I’ve posted a lot of different porridge recipes on this blog and what we usually drink with these porridge here is a drink made from either shop bought or homemade cordials. Every Norwegian grocer will have a wide range of cordials for sale.
In my childhhod, back in the fifties and sixties this was a usual drink for kids for any kind of meal really, sodas was just for special occations back then and home made cordials was quite common.
These cordials could be made from a lot of different berries or fruits; plums, cherries, rhubarb, black currants, red currants, blueberries, raspberries and strawberries and more seldom cranberries or combinations of several of these. And most homes had a special kind of pan for making cordials, a lot still have and make cordials every autumn.
Both blueberry and black currant cordials served as a hot toddy are still believed to have a healing effect on the common cold. And when I was a kid one could buy hot black currant toddy at any given winter sport arrangement. And in my childhood all boys and girls were well behaved if promised “saft og boller” – cold drinks made with cordials and fresh buns.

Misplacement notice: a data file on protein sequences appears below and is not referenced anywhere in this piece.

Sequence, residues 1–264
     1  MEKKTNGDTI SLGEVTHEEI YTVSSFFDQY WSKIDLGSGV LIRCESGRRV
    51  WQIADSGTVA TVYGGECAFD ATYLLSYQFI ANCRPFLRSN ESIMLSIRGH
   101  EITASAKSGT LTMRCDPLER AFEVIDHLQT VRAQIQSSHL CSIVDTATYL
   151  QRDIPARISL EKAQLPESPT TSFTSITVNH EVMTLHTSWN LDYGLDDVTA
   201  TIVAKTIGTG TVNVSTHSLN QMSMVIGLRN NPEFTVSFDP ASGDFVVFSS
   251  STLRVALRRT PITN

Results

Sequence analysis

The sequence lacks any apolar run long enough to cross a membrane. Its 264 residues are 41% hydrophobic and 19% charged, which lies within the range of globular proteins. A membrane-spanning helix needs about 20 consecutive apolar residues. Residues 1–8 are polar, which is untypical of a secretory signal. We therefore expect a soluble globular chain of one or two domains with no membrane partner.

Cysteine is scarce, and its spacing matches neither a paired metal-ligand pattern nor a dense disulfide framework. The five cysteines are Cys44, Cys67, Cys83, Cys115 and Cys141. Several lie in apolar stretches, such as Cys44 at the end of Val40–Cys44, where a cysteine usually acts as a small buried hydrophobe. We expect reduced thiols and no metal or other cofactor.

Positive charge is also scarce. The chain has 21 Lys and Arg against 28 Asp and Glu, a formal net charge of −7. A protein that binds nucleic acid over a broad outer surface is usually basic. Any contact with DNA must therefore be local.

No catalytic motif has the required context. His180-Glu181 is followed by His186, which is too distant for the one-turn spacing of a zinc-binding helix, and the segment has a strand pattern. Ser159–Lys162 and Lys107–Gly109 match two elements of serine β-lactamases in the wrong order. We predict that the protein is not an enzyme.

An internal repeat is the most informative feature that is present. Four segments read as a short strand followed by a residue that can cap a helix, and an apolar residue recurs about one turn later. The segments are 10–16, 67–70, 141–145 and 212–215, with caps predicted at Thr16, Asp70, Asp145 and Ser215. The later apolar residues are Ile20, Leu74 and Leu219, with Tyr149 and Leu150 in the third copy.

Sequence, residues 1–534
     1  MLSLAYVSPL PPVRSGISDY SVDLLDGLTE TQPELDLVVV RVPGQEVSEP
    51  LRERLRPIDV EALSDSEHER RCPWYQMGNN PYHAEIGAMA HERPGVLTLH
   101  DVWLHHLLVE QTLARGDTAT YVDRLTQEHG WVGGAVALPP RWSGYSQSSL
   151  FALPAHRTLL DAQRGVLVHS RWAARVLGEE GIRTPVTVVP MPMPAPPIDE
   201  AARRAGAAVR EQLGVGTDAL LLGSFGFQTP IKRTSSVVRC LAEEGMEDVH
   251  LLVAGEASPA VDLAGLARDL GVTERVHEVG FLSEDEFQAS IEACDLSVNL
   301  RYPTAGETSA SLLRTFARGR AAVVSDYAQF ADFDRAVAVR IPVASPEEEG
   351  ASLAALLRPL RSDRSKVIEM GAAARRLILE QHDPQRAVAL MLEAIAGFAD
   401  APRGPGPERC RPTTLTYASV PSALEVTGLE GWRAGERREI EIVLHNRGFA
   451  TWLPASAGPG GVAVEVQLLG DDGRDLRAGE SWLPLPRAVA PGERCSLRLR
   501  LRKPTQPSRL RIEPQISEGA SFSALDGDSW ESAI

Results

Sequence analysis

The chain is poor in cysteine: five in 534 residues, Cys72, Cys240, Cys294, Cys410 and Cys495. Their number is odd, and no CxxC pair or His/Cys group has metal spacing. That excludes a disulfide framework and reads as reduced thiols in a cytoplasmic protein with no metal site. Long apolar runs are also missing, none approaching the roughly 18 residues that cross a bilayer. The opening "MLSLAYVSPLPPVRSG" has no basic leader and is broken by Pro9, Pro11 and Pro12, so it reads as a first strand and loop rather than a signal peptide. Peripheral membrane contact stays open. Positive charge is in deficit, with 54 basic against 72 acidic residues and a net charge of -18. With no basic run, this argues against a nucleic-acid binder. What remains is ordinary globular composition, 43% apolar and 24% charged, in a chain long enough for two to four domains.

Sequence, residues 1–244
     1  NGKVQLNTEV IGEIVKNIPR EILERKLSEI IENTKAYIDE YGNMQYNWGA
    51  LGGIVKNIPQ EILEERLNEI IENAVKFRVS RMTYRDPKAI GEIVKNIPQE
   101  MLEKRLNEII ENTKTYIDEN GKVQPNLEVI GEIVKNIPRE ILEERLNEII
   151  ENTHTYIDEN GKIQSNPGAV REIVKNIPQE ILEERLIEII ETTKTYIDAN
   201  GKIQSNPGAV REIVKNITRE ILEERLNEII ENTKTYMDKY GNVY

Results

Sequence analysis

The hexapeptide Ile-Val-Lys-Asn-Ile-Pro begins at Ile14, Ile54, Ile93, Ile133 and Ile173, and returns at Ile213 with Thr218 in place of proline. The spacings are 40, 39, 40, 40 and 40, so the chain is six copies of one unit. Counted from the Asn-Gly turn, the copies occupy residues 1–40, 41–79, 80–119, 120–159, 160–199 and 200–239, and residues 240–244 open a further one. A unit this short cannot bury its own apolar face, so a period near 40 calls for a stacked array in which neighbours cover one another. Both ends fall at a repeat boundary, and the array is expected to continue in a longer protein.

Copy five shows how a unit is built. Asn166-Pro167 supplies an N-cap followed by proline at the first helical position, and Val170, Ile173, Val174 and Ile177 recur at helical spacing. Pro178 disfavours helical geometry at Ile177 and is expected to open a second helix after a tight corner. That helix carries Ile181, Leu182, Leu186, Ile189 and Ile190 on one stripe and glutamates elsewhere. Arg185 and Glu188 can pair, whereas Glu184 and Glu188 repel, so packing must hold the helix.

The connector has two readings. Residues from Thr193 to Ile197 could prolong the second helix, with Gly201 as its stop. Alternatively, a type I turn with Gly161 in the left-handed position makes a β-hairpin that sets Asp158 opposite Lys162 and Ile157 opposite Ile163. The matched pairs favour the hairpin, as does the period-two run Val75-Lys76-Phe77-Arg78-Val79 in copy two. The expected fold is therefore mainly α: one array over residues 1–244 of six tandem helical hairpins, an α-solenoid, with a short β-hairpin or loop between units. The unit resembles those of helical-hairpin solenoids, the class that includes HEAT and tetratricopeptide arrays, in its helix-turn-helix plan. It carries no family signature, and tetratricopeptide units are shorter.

Cordials have other uses than drink of course, they are great for making sorbets, dessert sauces, adding taste to home made ice cream and cakes. Besides they make a very good basis for liqueurs if you are short of time.
The cordial pan is stacked like this; (1) at the bottom, (2) on top of that with (3) inside of that and (4) on the top. Steam from water boiling in (1) reaches the berries and fruit through the holes in (3) and raw cordial drips down into (2) and can be poured out via (5) which can be closed and open as needed.
What you get out of the cordial pan is called “råsaft” (raw cordial) and can be frozen for further use. To make real cordial you have to cook the raw cordial with sugar and a little wine acid. Both sugar and wine acid will work as conserving agents and will make the cordial keep for ages.